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Inflation Never Materialized After the Last Crisis. JPMorgan Thinks This Time Is Different.

As the U.S. budget deficit swells, the firm warns investors to brace for inflation.

JPMorgan Chase & Co. is warning investors that an inflation bomb may go off in the aftermath of the coronavirus recession — even though it failed to ignite in the record-long expansion following the 2008 financial crisis.

“Investors would still be well advised to structure their portfolios with an eye to the possibility that it could,” David Kelly, chief global strategist of JPMorgan’s asset management unit, wrote in a Monday note. He recommended real assets such as real estate and precious metals, saying they “can serve an important, although long-redundant role, in protecting a portfolio against the risk of inflation.” 

High inflation may emerge this time around for a range of reasons, including a faster recovery once a vaccination is widely available, potentially looser regulations surrounding bank lending, and a lack of fiscal restraint among Democrats and Republicans, Kelly said. “Both the Federal Reserve and the federal government will likely be in a more expansionary mode.” 

As the U.S. provides workers and businesses with aid through the crisis, budget deficits could swell to an “astonishing” $3.8 trillion this fiscal year, according to his note. By the end of fiscal 2021, Kelly warned that debt levels may rise to 109 percent of gross domestic product — surpassing the record 108 percent of GDP in 1946 when the U.S. added the “extraordinary costs” of fighting World War II.

“Borrowing at this pace, particularly when other governments around the world are also running fast-rising deficits, might be expected to result in higher interest rates, even in a deep recession,” Kelly said in the note.

The U.S. government has enacted four pieces of legislation aimed at helping workers and businesses through the coronavirus pandemic. The Congressional Budget Office estimated they will add $2.7 trillion to federal debt over the next 18 months, according to his note. More aid likely will follow should large parts of the economy remain shut past the summer, Kelly said. 

Meanwhile, the Fed has been “extremely aggressive,” he said, introducing monetary stimulus that is unprecedented in scope and magnitude. Since the end of February, the Fed’s holdings of U.S. Treasuries have risen by $1.4 trillion, while its overall assets — including additional mortgage securities, foreign central bank liquidity swaps, and holdings in new and expanded credit facilities — have risen by $2.4 trillion, according to his note.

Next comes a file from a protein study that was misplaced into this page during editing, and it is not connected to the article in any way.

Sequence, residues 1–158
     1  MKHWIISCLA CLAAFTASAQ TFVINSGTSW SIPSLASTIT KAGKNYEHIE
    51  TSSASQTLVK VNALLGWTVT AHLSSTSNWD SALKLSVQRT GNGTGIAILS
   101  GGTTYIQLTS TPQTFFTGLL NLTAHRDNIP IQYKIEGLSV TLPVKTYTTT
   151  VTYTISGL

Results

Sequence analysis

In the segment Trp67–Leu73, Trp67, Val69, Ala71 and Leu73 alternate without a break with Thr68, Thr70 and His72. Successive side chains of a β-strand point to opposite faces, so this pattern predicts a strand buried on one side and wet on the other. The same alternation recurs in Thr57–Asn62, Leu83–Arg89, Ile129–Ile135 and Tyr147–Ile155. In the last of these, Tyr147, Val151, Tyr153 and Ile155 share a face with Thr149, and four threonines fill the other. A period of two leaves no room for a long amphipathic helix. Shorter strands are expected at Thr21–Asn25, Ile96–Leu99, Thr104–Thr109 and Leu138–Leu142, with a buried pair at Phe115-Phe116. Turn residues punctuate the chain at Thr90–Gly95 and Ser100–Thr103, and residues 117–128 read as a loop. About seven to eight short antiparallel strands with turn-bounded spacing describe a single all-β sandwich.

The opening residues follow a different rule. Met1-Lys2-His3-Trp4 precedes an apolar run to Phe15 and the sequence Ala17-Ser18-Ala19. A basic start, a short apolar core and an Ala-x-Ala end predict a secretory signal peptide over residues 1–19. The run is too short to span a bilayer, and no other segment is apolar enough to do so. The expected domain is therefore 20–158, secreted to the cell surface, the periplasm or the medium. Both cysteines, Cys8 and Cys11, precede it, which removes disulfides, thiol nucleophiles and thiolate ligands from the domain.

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Many investors had feared inflation and high interest rates and would arise in the long, slow recovery from the great financial crisis. They did not. 

“These concerns were based on the simple monetarist argument that a big increase in bank reserves should lead to a big increase in the money supply and thereafter, a big increase in inflation,” said Kelly. “In retrospect, this turned out to be wrong partly because, for regulatory and other reasons, bank lending and the money supply never increased nearly at the pace of bank reserves.”

In the wake of the pandemic, the Fed may take on a more “indulgent regulatory stance” that encourages bank lending, he said. The current crisis, unlike the one in 2008, wasn’t prompted by a financial bubble. Kelly added that cautious lending to riskier borrowers in the last recovery, along with steadily rising income inequality, had kept a “brake on the demand for goods and services” in the bull market.

“This lack of demand was amplified by fiscal austerity as the budget deficit, as a share of GDP, fell every year from 2010 to 2015,” according to his note. Fiscal austerity under then-President Barack Obama was influenced by fiscally conservative Republicans in Congress at the time, Kelly said. “The record of the last three years suggests that there are no fiscal conservatives left on either side of the aisle.” 

Depending in part on the results of the U.S. presidential elections in November, income inequality may be addressed through minimum wage increases, universal health care, and a more progressive tax system, according to Kelly. “Regardless of the social merits of such ideas, a redistribution of income from upper-income households, who tend to save more of their income, to lower and middle-income households, who have a higher propensity to spend, could also prove inflationary,” he said. 

Meanwhile, the U.S. economy is poised for “a much more rapid rebound” after the pandemic compared to the recovery from the financial crisis, according to Kelly.

“Once a vaccine is widely distributed, pent up demand among the American public for a very wide range of services and goods should be unleashed,” he said. “And, while supply should be ramped up quickly also, the very pace of growth could prove inflationary.”

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